Roy is an avid writer, aspiring diplomat, and inquisitive traveller. His articles mainly focus on examining world politics, exploring Japanese culture, and understanding the human self. To read more from Roy, you can follow his wordpress blog, SOBABOY, here.
In our societies today, time has become a quantitative concept. From the moment we were taught how to provide appropriate answers to “how old are you?”, we have been unconsciously inducted into the tradition of understanding time the same way we conceive speed, acceleration, or other scientific concepts – we inevitably put a ruler to all that we chance upon. That is how time became analogous with an impartial master, who moves on while waiting for no one. Benjamin Franklin went even further and attempted to convince humankind that time was equivalent to the notes and coins we have in our wallet, an idea that became enshrined in the now oft-used business proverb, “time is money”.
But I wish you could take a moment to understand time the way I do.
If you understand time the way I do, you will cease to conceptualise time numerically. Instead, you will realise that time is akin to having unforgettable conversations with a soulmate. Unlike a river that flows by indefinitely, time only comes when you take the initiative to search for it, to uncover what is beyond the mundanity of everyday primal needs. When you move away from conventionality to know time like never before, you may, like me, begin to perceive time as the summation of the realest, most beautiful moments.
If you understand time the way I do, you will realise that time is not something that can be wasted or given away. Our language frequently tries to advocate otherwise, turning time into a possession that we can give or take at will. “What a waste of time”, “let me take some time off”, and “could you give me some of your time” are but a few cases in point of how we have been unconsciously conditioned to conceive time the same way we do for our material belongings. But if you try to familiarise yourself with time again, you may notice that time has never quite left you; in fact, it makes up an integral part of you. When you internalise the idea that time and you are but two sides of a coin, it will occur to you that time is always lived, but never wasted, given, or taken.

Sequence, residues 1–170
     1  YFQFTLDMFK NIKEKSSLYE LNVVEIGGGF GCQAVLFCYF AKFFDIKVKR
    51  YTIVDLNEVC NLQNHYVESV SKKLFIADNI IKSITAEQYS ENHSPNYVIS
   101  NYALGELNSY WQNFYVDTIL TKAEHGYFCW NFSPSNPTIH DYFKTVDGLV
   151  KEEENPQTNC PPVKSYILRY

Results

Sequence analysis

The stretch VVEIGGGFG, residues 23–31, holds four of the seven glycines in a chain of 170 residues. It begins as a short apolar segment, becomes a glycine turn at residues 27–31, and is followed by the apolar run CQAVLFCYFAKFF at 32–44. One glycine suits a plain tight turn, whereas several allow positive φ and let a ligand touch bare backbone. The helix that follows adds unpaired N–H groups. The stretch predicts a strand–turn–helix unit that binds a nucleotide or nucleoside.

If you understand time the way I do, you will find yourself closer to time’s best friends – life and death. You will begin to appreciate that life and death are never a dichotomy that we have been made to believe, but a process that recurs possibly at every second of your life, because life and death are also fundamentally mental processes, rather than simply physical states. You will also become a dauntless lion, unfazed by the point of ultimate human demise, or “physical death”. If you understand this particular quality of time, you will comprehend that time is too precious for you to live perpetually in fear of an outcome that actually matters little to you.
If you understand time the way I do, live it in the best way you possibly can. Chase the butterflies, ace the public speech, and take on that skydiving dream that you have. Travel half the world to find your soulmate, visit all 7 wonders of the world, fall asleep soundly on the couch with your favourite puppy in your arms. Fight so hard in a soccer game with your teammates that you become physically paralysed for a day, dance so gracefully that all your elderly neighbours leave their homes to watch. But perhaps most importantly, I wish you understand that when you sell time away, you begin attaching a monetary value to time that degrades it from a qualitative concept to a quantitative one.
The commodification of time might be a necessary process for our survival in the 21st century, but the danger lies in that we live in a society that trains our eyes to see perceive all time as economic value. It is then crucial to learn how to remove such lens and delve into the deeper realms of life, more often than we think we need to. The materialist may denounce this interpretation as ridiculous, the cynic laughable, the naysayer naïve, but it is ultimately you who will chance upon the bountiful and vibrant garden of life, if you understand time the way I do.